Do these pictures of the Canarian Parliament offend you? We can and CC, yes

Plenary Hall of the Government of the Canary Islands. / c7

They ask to cover them when there are plenary sessions

Podemos and Canarian Coalition want
'censor' the cadres that preside over the plenary hall of the Parliament of the Canary Islands. This Wednesday, Podemos and the Canarian Coalition will request that during the plenary sessions the paintings by the painter Manuel González Méndez that preside over the hemicycle be covered.

These are two scenes of the conquest of the islands by the Castilians and the rejection of these works has united two parties traditionally opposed in Parliament such as CC and Podemos.

On its website, the Canarian Parliament collects the following text on the artistic value of the works, signed by Alejandra Villarmea López, collaborator of the Royal Canarian Academy of Fine Arts:

«The two large canvases that decorate the front of the presidency in the Plenary Hall of the Parliament of the Canary Islands were commissioned in 1902 to the palmero painter Manuel González Méndez, as part of the project to adapt the building of the extinct Musical Society of Santa Cecilia, to its new functions as the headquarters of the Provincial Council of the Canary Islands.

The one proposed by the building's architect, Manuel de Oraá, as a theater, had to be endowed with the necessary symbolic weight to act as a meeting space for the members of the Chamber, compensating in some way for the decoration of the vault, in which the musical allusions were kept.

With a historicist theme, these works have been described by the historian Alberto Darias Príncipe as
the best examples of history painting in the Canary Islandsbecause even despite the difficulty that the verticality of the space introduced, he managed to overcome the manifestations of other painters fond of the genre such as Gumersindo Robayna or Isidro González Romero.

One of the pictures of the Parliament of the Canary Islands. /

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The recurrence of this theme is inserted within the construction movements of national cultural identities, in the context of the definition of the different nation states in the 19th century.

Both cause and effect of this new interest in reflection on Canarian identity was the reissue throughout the century of different works by historians from the 19th century.
s XVI, XVII and XVIII such as Father Espinosa, Núñez de la Peña, Abreu y Galindo, Agustín del Castillo or Viera y Clavijo, being without a doubt the work of the poet-chronicler Antonio de Viana, entitled Antigüedades de las Islas Fortunadas, one of the most inspiring for artists and writers of the late nineteenth century.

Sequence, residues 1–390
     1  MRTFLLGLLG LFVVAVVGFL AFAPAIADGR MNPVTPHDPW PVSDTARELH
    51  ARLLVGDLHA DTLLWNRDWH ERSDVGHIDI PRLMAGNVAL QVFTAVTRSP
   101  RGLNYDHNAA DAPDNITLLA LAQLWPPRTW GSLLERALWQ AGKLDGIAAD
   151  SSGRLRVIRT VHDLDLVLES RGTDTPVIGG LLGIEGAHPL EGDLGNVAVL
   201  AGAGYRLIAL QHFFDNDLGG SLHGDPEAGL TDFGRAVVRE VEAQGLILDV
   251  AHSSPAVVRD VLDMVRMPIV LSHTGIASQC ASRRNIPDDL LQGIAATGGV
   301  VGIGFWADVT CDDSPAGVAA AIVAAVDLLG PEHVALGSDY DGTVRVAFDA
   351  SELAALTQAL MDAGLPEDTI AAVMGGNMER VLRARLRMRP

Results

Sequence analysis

The perspective of the bucolic twinning between Castilians and Aborigines reflected by this author is the one that is breathed precisely in the iconography represented by González Méndez in the works of the Plenary Hall.

For the elaboration of these canvases, González Méndez, the most international of the Canarian artists of his generation, trained in Paris with Léon Gérôme, not only compiled abundant information on the events of the time he represented, but also delved deeply into the uses, customs and clothing of the time, coming to reproduce in his Paris studio a complete armor based on the notes he had taken in the Royal Armory of Madrid.

Taking special care in choosing the iconography, as it is a work for an inter-island institution in
one of the most delicate moments of the Insular LawsuitGonzález Méndez dedicated a canvas to Tenerife, representing the Foundation of Santa Cruz, and a canvas to Gran Canaria, entitled The delivery of the princesses.

One of the pictures of the Parliament of the Canary Islands. /

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The title traditionally and mistakenly attributed to this last canvas, The Advance and the Guanches, dilutes part of the work's interesting symbology. Possibly inspired by the Chronicle of Sedeño narrates
the delivery to the conqueror Juan de Vera of the young princess Arminda Masequerarenamed with the name of Catalina and custody of the island's dynastic heritage, as the last act of surrender, and as the first step in the Castilian and aboriginal fusion.

The rush of the corporation because González Méndez
the works were finished in 1906 are especially observed in the canvas of the princesseswhich even being iconographically more audacious than its partner La Fundación de Santa Cruz, presents several regrets and unresolved charcoal traces such as the one observable in the ghostly palm tree on the left.

Despite what has been said, González Méndez was able to finally alleviate the exaggerated narrowness of the canvases, with the addition of the Gothic traceries in the upper part, which, together with the great depth achieved through the landscape, give the result the quality of
an open window on the historical scene».

The Guanches ate dog, cat, and lizard meat.
Education defends that History of the Canary Islands is an elective between two

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